Wigley then points out that they themselves have already provided their own form of “auditing”:
The issue of auditing is a tricky one. The auditors must, themselves, be able to demonstrate that they have no ulterior motives. One way to do this would be to audit papers on both sides of an issue. In other words, both us and Douglass should be audited together. In a sense, our paper is an audit of Douglass—and we found his work to be flawed. A second opinion on this already exists, through the refereeing of our paper. I suppose a third opinion from the likes of McIntyre might be of value in a controversial area like this. But then, is McIntyre the right person to do this? Is he unbiased?
Does he have the right credentials (as a statistician)?
This is the ultimate example of the pot calling the kettle black: when superior statisticians criticize their results, they try to lock them out as not being part of their soft-science club.
December 3, 2008: email 1228330629
Ben Santer writes to Tom Wigley and others:
… had I acceded to McIntyre’s initial request for climate model data, I’m convinced (based on the past experiences of Mike Mann, Phil, and Gavin) that I would have spent years of my scientific career dealing with demands for further explanations, additional data, computer programs, etc. (Phil has been complying with Freedom Of Information (FOI) Act requests from McIntyre and his cronies for over two years).
Santer is admitting that his lack of proper documentation and archiving of his data and computer programs is so deficient that it would take years of work to rectify.
For the remainder of my scientific career, I’d like to dictate my own research agenda. I don’t want that agenda driven by the constant need to respond to Christy, Douglass, and Singer. And I certainly don’t want to spend years of my life interacting with the likes of Steven McIntyre.
Santer, full of self-pity, no longer wants to work in science.
I hope Lawrence Livermore National Laboratory management will provide me with their full support. If they do not, I’m fully prepared to seek employment elsewhere.
I am glad to hear it. Santer is completely unsuited to science research.
Phil Jones describes the con job that he has apparently successfully sold within his
When the FOI requests began here, the FOI person said we had to abide by the requests. It took a couple of half-hour sessions—one at a computer screen, to convince them otherwise, showing them what Climate Audit was all about. Once they became aware of the types of people we were dealing with, everyone at the University of East Anglia (in the Registry (administration) and in the Environmental Sciences School—the Head of School and a few others) became very supportive. I’ve got to know the FOI person quite well, and the Chief Librarian—who deals with appeals. The Vice-Chancellor is also aware of what is going on—at least for one of the requests, but probably doesn’t know the number we’re dealing with. We are in double figures.
Jones must be extremely convincing, to get all of these officials to be complicit in flouting the law.
One of his tactics is, perversely, to use the sheer number of requests to argue against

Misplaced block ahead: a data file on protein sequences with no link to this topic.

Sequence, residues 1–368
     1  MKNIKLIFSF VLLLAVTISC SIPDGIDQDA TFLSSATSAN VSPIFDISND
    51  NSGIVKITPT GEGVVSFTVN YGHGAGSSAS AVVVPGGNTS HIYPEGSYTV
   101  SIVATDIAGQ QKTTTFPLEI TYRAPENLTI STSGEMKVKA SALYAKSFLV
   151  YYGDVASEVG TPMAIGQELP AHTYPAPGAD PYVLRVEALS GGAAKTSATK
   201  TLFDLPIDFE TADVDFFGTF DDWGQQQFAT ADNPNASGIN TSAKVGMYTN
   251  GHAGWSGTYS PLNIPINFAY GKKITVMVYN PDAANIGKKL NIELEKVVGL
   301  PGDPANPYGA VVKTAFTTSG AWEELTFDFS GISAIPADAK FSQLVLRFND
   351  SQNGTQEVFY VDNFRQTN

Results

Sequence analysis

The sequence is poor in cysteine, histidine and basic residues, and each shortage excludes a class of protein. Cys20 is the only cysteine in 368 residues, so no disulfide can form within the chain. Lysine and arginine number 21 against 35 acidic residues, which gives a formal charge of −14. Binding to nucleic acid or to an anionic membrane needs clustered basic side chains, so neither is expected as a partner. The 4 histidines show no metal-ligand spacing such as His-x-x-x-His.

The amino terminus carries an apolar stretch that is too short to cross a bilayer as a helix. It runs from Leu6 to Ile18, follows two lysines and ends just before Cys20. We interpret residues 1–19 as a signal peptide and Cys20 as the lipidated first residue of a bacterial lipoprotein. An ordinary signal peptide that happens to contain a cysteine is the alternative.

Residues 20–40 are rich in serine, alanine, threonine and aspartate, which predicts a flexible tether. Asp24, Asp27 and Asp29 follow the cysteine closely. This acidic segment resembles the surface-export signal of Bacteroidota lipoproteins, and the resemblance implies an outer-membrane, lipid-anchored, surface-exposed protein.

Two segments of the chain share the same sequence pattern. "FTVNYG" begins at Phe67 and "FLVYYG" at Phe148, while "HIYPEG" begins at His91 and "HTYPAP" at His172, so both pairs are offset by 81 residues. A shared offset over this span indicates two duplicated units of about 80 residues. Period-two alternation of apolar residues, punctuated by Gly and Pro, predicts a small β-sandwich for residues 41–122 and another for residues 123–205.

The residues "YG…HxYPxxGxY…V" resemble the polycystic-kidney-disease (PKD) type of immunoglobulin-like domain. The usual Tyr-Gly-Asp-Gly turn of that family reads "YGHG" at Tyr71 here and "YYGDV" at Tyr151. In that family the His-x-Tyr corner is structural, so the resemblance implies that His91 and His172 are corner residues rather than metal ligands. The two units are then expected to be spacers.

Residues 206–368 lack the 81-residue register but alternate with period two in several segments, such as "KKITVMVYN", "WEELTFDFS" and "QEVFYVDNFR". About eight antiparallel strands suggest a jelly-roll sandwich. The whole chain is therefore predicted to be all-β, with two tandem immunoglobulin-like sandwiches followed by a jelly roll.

One issue is that these requests aren’t that widely known within the School.
So I don’t know who else at the University of East Anglia may be getting them. The Climatic Research Unit is moving up the ladder of requests at the University of East Anglia though. … We’re aware of requests going to others in the United Kingdom—Meteorological Office Hadley Centre, the University of Reading, the Department for Environment, Food and Rural Affairs, and Imperial College.
Jones now describes how he evaded the latest request:
The inadvertent email I sent last month has led to a Data Protection Act request sent by a certain Canadian, saying that the email maligned his scientific credibility with his peers!
If he pays 10 pounds (which he hasn’t yet) I am supposed to go through my emails and he can get anything I’ve written about him. About 2 months ago I deleted loads of emails, so have very little—if anything at all.
In response to FOI and Environmental Information Regulations requests, we’ve put up some data—mainly paleoclimatology data. Each request generally leads to more—to explain what we’ve put up. Every time, so far, that hasn’t led to anything being added by us—instead we just put up statements saying “Read what is in the papers and what is on the web site!” Tim Osborn sent one such response (via the FOI person) earlier this week.
We’ve never sent computer programs … or manuals.
December 9, 2008: email 1228922050 Ben Santer catches on to Phil Jones’s strategy of arguing that a greater number of
requests implies lower credibility and validity, rather than the opposite:
I had a quick question for you: What is the total number of Freedom Of Information (FOI) Act requests that you’ve received from Steven McIntyre?
I haven’t got a reply from the FOI person here at the University of East Anglia. So I’m not entirely confident the numbers are correct. … I did get an email from the FOI person here early yesterday to tell me I shouldn’t be deleting emails—unless this was “normal” deleting to keep emails manageable!
McIntyre hasn’t paid his 10 pounds, so nothing looks likely to happen regarding his Data Protection Act email.
Anyway, requests have been of three types—observational data, paleoclimatology data, and who made IPCC changes and why. … According to the FOI Commissioner’s Office, the IPCC is an international organization, so is above any national FOI Act. Even if the University of East Anglia holds anything about the IPCC, we are not obliged to pass it on, unless it has anything to do with our core business—and it doesn’t! I’m sounding like Sir Humphrey here!
At least Jones recognizes that his arguments are as ridiculous as the fictional public servant in the famous television series Yes Minister. The Climatic Research Unit’s “core business” has nothing to do with the IPCC?